L'ÎLE-DES-SŒURS, QC, July 23, 2015 /CNW Telbec/ - The Québec Federation of Real Estate Boards (QFREB) is reacting to mortgage tightening scenarios outlined in the Financial Post newspaper. According to the article, the federal Department of Finance has been studying various proposals, including increasing the minimum down payment, which currently stands at 5 per cent, and reducing the maximum amortization period, which is currently 25 years.
A further tightening of mortgage insurance rules in Canada would be very damaging to Québec's real estate market. Far from being an overheated market, the residential real estate market in Québec has instead experienced a decrease in activity in the past four years (three sales decreases totaling a 12 per cent drop in sales from 2010 to 2014) and price stagnation for the past two years (the median price of single-family homes rose by only 0.4 per cent in 2013 and by 0.9 per cent in 2014).
"In Québec, the last mortgage tightening actions that took place in the summer of 2012 in which the maximum amortization period was reduced from 30 years to 25 years has already had the effect desired by the federal government, which was to cause a soft landing for the real estate market," said Patrick Juanéda, President of the QFREB Board of Directors. "An additional turn of the screw by Ottawa would be too much for Québec's housing market," he added.
Measures that would significantly hamper homeownership
Any measure that would directly affect the minimum down payment or the maximum amortization period would particularly hurt first-time buyers, who are the cornerstone of the province's real estate market, representing almost one third of all transactions according to QFREB estimates. It is important to remember that Québec's homeownership rate is ten percentage points lower than that of Canada's other provinces.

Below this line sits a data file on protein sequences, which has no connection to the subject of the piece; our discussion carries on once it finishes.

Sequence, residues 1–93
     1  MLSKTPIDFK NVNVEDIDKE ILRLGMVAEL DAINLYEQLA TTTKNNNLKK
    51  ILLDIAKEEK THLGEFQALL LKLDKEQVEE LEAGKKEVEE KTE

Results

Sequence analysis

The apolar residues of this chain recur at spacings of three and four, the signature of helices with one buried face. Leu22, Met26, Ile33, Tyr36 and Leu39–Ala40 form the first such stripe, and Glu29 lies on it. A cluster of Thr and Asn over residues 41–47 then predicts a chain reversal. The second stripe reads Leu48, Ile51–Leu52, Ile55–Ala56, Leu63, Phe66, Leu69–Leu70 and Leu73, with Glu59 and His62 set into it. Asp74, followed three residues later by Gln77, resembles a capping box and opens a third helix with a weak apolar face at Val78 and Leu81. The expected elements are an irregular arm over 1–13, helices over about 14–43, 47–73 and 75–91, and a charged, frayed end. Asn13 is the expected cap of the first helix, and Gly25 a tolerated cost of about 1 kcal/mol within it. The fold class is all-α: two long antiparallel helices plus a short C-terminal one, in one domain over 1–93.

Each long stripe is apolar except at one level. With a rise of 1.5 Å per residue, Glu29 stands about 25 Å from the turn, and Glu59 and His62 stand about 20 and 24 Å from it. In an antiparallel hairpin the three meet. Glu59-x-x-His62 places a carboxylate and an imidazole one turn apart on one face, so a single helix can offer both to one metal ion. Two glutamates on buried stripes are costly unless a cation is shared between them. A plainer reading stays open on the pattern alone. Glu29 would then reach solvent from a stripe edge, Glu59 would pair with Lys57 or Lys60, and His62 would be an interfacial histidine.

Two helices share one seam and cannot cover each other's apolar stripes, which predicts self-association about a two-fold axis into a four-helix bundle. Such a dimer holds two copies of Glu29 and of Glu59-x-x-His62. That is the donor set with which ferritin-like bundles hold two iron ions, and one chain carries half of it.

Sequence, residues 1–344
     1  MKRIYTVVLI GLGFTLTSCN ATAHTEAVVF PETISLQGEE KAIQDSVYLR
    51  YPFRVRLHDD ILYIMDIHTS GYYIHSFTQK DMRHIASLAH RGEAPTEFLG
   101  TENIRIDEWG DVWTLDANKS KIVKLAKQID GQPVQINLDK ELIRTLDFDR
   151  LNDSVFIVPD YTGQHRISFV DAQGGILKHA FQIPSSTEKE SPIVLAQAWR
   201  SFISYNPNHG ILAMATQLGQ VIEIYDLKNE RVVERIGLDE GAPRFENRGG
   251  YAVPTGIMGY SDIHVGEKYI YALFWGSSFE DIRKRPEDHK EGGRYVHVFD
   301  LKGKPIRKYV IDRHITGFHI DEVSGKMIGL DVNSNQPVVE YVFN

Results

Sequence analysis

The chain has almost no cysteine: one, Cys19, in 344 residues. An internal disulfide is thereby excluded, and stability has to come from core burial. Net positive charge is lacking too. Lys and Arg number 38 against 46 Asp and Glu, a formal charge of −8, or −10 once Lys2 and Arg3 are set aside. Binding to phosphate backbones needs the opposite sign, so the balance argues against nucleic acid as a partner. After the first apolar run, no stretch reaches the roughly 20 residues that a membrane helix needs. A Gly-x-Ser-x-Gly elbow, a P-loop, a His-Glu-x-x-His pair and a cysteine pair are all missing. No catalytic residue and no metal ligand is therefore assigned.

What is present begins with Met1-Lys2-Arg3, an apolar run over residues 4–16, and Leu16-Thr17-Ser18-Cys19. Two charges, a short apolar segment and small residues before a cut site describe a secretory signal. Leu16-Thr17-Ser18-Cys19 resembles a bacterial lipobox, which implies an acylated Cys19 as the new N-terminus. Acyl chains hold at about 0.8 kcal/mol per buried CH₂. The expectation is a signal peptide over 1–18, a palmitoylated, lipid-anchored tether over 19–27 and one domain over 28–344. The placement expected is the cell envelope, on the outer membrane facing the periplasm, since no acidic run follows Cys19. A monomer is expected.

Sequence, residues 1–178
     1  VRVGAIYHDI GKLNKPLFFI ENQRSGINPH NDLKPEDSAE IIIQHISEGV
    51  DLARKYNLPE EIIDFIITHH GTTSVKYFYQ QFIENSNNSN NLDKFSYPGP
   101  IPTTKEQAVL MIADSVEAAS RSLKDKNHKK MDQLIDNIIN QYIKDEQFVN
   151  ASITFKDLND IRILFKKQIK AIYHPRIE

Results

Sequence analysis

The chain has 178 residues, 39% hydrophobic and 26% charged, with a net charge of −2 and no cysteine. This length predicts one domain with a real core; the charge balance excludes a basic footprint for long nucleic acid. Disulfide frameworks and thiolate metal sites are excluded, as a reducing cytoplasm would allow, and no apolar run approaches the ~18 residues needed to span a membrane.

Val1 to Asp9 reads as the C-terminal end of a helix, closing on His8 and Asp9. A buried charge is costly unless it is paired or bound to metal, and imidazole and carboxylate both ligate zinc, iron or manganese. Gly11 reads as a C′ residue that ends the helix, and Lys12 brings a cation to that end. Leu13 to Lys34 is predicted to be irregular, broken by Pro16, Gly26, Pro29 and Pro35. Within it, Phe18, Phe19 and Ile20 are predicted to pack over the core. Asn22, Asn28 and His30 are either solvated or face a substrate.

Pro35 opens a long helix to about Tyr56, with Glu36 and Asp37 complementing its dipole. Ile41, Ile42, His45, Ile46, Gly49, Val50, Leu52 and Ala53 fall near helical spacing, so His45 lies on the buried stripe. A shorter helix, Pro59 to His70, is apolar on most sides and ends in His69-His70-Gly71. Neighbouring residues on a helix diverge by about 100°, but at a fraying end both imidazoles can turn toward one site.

An increase in the minimum down payment required to purchase a property would delay, by several months, the purchasing decision of thousands of households who were planning to buy a home with a 5 per cent down payment and who have saved accordingly. They would no longer have the necessary funds to make a down payment.
A further reduction in the maximum amortization period would result in a significant increase in monthly mortgage payments. For example, reducing the maximum amortization period from 25 to 20 years would, on a $200,000 loan, result in a $160 increase in the monthly mortgage payment, and would necessarily squeeze out several thousand potential buyers.
Canada-wide actions to address local situations
Canada's residential real estate market varies significantly from one province to another and from one city to another. It is the very hot markets of Vancouver and Toronto that are responsible for the surge in prices across Canada and that are causing concern for the federal government. For example, according to The Canadian Real Estate Association (CREA), the increase in the average home price across Canada reached almost 10 per cent in June, but if we excluded Toronto and Vancouver from this calculation, the increase would be reduced to 3.1 per cent.
"Québec's real estate market is healthy and balanced," said Mr. Juanéda. "Measures that squeeze out first-time buyers will have significant economic and tax implications. Unlike the Toronto and Vancouver markets, the Québec real estate market needs some breathing room to catch up on its long-standing delay in its home ownership rate."
About the Québec Federation of Real Estate Boards
The Québec Federation of Real Estate Boards is a non-profit organization composed of Québec's 12 real estate boards and the close to 13,000 real estate brokers who are their members. Its mission is to promote and protect the interests of Québec's real estate industry so that the boards and their members can successfully meet their business objectives.
SOURCE Fédération des chambres immobilières du Québec
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